Sunday, September 09, 2007

Recovering the Imaginative: Preserve Childhood

I write frequently to refute the assumption that children are innocent. Christians know from God's Holy Word that children are born sinners, and rebels against God. There is no such think called "child-like innocence." But, nonetheless, children, like all human beings, are made in the image of God and as such have His imprint stamped upon them. And this is clearly seen in the imagination of a child.

As the imagination has slipped away from culture I believe it is in part due to the rapid acceleration of children into adolescence. Neil Postman has written an entire work detailing "The Disappearance of Childhood." One part of the book speaks about the need for kids to have spontaneous, self-organized and self-controlled games. Postman writes:

There is no more obvious symptom of the merging of children's and adults' values and styles than what is happening with children's games, that is to say, they are disappearing. While I have found not studies that document the decline of unsupervised street games, their absences is noticeable enough and, in any case, can be inferred from the astonishing rise of such institutions as Little League baseball and Pee Wee football...the games of American youth have become increasingly official, mock-professional, and extremely serious...The idea that children's games are not the business of adults has clearly been rejected by Americans, who are insisting that even at age six, children play their games without spontaneity, under careful supervision, and at an intense competitive level.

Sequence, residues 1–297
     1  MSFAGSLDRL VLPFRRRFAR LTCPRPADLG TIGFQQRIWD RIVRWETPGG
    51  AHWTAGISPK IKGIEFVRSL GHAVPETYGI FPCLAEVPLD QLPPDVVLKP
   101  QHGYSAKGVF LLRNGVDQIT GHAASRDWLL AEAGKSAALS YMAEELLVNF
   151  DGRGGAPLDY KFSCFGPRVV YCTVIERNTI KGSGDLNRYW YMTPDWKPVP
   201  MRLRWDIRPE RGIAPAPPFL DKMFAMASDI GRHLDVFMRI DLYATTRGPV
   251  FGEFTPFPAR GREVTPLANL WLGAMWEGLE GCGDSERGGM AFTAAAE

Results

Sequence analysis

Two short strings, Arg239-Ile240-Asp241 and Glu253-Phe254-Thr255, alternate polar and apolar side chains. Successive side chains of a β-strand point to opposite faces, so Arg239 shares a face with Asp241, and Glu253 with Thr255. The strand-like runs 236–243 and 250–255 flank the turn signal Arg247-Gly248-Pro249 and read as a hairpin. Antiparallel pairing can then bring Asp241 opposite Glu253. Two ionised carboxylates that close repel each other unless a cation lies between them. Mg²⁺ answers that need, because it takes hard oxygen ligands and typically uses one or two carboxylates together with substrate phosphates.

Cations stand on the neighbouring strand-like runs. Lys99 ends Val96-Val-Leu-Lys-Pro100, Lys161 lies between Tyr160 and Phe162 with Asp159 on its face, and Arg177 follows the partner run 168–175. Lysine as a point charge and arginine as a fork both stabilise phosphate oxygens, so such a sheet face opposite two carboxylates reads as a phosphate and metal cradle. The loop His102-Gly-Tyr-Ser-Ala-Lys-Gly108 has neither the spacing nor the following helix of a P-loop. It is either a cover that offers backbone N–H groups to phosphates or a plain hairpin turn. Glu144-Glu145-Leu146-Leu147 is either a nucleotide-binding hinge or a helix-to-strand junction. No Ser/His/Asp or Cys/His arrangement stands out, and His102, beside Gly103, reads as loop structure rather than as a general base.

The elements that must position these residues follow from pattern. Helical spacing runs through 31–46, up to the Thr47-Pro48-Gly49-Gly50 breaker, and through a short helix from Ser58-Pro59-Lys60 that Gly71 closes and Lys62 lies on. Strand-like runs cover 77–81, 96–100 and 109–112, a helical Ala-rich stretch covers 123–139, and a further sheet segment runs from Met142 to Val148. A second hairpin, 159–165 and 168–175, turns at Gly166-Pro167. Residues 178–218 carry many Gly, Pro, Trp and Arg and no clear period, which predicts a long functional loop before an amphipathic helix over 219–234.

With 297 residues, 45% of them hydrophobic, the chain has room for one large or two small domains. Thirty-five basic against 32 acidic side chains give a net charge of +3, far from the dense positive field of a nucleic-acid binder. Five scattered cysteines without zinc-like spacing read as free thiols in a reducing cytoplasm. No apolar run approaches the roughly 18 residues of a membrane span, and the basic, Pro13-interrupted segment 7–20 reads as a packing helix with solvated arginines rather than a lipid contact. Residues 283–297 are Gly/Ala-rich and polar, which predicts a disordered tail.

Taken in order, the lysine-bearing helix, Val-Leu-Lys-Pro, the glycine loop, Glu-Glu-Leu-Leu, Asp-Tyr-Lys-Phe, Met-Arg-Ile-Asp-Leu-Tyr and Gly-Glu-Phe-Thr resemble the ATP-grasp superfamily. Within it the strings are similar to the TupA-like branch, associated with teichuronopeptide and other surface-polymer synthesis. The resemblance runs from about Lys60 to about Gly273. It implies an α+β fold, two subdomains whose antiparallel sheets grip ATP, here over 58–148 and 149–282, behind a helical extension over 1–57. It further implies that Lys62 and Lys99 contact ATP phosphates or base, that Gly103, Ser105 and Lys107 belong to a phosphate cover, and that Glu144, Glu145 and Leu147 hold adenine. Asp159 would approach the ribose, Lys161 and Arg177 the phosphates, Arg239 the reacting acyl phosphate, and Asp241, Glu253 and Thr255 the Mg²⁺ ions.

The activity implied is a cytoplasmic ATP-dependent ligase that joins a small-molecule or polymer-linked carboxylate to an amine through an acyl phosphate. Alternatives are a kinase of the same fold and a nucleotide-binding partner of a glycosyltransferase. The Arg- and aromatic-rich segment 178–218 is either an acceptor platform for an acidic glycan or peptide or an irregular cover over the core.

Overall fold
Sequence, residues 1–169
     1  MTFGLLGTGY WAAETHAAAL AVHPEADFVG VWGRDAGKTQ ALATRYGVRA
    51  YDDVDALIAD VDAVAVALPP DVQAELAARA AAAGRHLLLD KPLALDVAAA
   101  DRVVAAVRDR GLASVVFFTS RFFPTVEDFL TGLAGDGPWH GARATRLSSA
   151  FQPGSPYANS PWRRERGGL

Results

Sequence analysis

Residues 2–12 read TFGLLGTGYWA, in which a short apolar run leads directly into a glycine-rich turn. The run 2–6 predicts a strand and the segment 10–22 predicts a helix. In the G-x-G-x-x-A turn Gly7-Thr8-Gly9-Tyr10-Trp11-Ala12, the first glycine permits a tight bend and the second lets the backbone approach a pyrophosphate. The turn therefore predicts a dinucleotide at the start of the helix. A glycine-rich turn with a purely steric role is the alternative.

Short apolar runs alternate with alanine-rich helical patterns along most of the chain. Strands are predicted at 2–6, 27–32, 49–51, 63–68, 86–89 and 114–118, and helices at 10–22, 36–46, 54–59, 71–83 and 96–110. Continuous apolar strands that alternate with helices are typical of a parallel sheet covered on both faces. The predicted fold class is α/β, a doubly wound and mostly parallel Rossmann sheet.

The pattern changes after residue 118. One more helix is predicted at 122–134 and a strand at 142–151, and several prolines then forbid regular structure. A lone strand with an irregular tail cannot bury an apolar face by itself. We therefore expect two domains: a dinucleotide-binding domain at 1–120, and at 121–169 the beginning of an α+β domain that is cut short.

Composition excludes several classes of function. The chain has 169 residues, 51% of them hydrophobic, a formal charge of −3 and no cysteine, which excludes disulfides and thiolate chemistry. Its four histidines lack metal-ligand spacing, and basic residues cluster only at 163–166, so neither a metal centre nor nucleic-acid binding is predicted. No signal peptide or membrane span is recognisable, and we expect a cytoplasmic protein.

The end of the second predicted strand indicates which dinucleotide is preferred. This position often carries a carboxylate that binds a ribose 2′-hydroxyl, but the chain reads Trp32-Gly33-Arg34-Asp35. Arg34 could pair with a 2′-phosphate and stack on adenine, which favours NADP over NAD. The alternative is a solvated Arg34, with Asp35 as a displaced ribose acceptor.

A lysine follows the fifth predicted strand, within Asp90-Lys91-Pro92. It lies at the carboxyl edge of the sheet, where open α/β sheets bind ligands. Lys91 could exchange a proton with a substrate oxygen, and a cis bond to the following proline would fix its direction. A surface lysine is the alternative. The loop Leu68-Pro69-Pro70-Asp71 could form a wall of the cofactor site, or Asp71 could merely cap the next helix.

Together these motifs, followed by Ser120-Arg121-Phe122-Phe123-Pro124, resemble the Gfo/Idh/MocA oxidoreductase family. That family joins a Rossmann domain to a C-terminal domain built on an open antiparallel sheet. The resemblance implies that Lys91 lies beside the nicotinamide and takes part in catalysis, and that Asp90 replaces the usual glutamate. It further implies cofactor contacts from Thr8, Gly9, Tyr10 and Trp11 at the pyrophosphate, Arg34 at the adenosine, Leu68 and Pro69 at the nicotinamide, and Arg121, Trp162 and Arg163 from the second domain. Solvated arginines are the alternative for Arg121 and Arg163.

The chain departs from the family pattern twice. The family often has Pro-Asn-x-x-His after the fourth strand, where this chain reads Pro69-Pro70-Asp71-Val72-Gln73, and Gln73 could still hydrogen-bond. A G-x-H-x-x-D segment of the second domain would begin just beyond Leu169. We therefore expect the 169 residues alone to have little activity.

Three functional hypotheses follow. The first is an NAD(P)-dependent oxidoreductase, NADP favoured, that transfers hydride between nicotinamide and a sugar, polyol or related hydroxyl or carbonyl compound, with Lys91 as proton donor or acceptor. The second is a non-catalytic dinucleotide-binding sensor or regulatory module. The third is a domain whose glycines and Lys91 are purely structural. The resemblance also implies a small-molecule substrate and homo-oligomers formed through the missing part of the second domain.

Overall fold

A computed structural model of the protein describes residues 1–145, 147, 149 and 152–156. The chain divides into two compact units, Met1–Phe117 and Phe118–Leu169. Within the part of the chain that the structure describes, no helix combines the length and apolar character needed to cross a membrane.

The point that Postman is making here is that kids should not play this way, they have their own way of playing which is distinctly related to their age and nature as children. In relation to this series on the imagination that I have been doing there is a great parallel. The child-like play which Postman only barely scratches is closely connected to the innate imagination that children have. Children should play spontaneously because it reveals and explores their creativity and their imaginations.

To recover the imagination in our culture we have to allow Children to play, and we, as adults, have to watch them play and learn from them. For many adults, their own imagination is long gone. It has been rubbed out by realism and naturalism, by viewer's choice news, and pop-culture entertainment. To recover it we need to take notes on our kids. Listen to them tell stories, and watch them play. Watch little boys re-enact scenes from The Swiss Family Robinson , and follow little girls into the dinning hall of the Queen of Fairy land, where she sips tea with her teddy bears (the conversations will, I am sure, delight you).

The recovery of imagination is important for our culture. I have argued that it can point us back to the truth in powerful and affecting ways, and it can bring us closer to the divine. But it has been largely lost and one of the ways that we can begin to recover it is through our children. Let your kids be kids, and then you too enter into their world for a fresh view on life, and learn from their imaginations!

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